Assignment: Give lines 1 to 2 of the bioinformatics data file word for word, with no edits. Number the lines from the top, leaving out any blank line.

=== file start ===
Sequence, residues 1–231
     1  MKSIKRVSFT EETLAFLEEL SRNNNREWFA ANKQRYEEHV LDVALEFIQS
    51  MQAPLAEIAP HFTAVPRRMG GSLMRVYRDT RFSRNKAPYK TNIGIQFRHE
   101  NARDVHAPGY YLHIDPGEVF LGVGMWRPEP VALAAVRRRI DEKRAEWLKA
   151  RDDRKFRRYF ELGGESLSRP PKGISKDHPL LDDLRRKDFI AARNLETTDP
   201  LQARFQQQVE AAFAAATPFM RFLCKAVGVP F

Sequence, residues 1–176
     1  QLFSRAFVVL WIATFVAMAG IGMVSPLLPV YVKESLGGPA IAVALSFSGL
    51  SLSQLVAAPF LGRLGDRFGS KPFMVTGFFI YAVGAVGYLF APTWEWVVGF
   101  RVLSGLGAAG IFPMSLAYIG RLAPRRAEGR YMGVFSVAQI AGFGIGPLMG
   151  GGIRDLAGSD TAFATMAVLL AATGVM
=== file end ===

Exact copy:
Sequence, residues 1–231
     1  MKSIKRVSFT EETLAFLEEL SRNNNREWFA ANKQRYEEHV LDVALEFIQS